Wow. Nothing makes me happier than knowing that the things we teach our clients work and makes them happier and more successful.

Congratulations to Elbek & Vejrup on their continued focus on happiness.

Here’s a Google translation of an article about their award.

See all the fascinating talks from our 2017 Conference on Happiness at Work

We have now published all the amazing talks from our 2017 International Conference on Happiness at Work.

You can watch every single talk from the event above or at this link.

And if you think that looks awesome, join us in Copenhagen on May 17+18 2018 for the next conference. Sign up here to be notified when ticket sales start.

Show investors that you care about more than just profits

I found this researching my next book, Leading with Happiness.

At the 2008 Southwest Airlines Shareholders’ Meeting, CEO Gary Kelly ended his presentation with this wonderful story.

February the 27th we had flight number 1218 preparing for departure from Dallas to Las Vegas via Austin and as the customers were taking their seats our Dallas flight attendant Robin Hopkins was approached by a customer who I’ll refer to as Janice.

Janice was asking for help with her cellphone and she didn’t know how to turn it off. Robin assisted Janice but asked if she was okay because Robin can tell that she had been crying. Janice answered that she was on her way to Las Vegas to identify her only son at the medical examiner’s office.

Upon hearing this Robin informed the two other flight attendants Melissa Smith and Lisa Christian as to what was going on and our flight attendants comforted Janice.

Melissa and Lisa handled the entire flight from Austin to Las Vegas while Robin sat with Janice and she learned about her son and she was there to provide comfort. They talked for the rest of the flight.
When they landed in Las Vegas Candace Robinson and Brandy Fuller who are Las Vegas in-flight supervisors met Janice at the gate and they took over. Brandy handled all of her immediate needs while Candace went on to get her own car to drive Janice. Candace was also able to secure a hotel room next to the funeral home.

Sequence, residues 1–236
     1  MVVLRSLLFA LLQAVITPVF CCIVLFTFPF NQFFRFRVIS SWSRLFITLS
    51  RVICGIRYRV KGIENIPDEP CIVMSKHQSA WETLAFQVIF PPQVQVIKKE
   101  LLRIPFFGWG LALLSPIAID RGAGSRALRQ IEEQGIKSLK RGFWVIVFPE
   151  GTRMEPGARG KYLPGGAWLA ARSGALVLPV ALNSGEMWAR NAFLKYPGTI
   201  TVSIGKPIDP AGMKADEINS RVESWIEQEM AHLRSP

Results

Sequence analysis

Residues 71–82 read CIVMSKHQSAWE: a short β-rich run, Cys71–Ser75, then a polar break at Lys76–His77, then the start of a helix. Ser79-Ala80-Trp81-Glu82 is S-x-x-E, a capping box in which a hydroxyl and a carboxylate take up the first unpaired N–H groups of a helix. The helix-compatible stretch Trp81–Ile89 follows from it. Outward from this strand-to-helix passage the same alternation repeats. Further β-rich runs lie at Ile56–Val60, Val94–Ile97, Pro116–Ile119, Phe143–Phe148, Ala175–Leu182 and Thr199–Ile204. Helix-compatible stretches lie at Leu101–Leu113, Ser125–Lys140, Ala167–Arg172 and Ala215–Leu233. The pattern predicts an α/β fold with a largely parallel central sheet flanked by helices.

There was no one there for Janice except for Southwest Airlines people and this is just one powerful example of our people in action and it happens hundreds of times every single day and most of which we never hear about. But they don’t do it for the recognition, they don’t do it for the money. They do it because they care and at Southwest Airlines we are blessed to find and to hire and to keep people who care.

I don’t know if you can teach people how to care but you can’t encourage it you can support it and when you know about it you can certainly recognize it.

This is amazing story and I love the fact that the CEO told it at the shareholders’ meeting. This clearly shows investors where Southwest’s priorities are and that they can expect the company to continue to treat its employees and customers well.

My meeting with the Danish healthcare system

Danish hospital wear - stylish AND flattering :)

Yesterday I went in for a very minor planned operation at Bispebjerg Hospital close to where we Iive here in Copenhagen.

So here are 3 reflections on my first major meeting with the Danish healthcare system since I was a kid.

1: The people were awesome

Every single person I met was friendly, cheerful and competent. I felt seen and genuinely cared for the whole time. So many people welcomed me to the hospital. Many said “We’re going to take good care of you,” which I felt was a wonderful touch.

All staff also went out of their way to keep me informed at all times and took time to answer all my questions. Everything they did was explained clearly and with great empathy.

They all seemed very happy at work and were really nice and friendly around each other as well. This is important, because some research indicates that happy hospitals have better patient outcomes.

2: The whole process was highly efficient

The surgery went just perfectly and I was in and out in a few hours, just as scheduled.

It was clear that the different teams and wards had spent a lot of time optimizing the processes and figuring out the best ways to share information between them and how to optimally use the available resources.

These people clearly care about doing their jobs well and efficiently.

3: This is for everyone

I’m wealthy. If I didn’t trust the public hospitals in Denmark, I could easily afford treatment at a private hospital somewhere.

So my main reflection is that this level of care is available for free to every single Dane, regardless of income or social status. This is one of the things that make me proud of my country.

My only worry is that I’ll have to take it easy on the training for a while –  just when the CrossFit Open is coming up. Dammit :)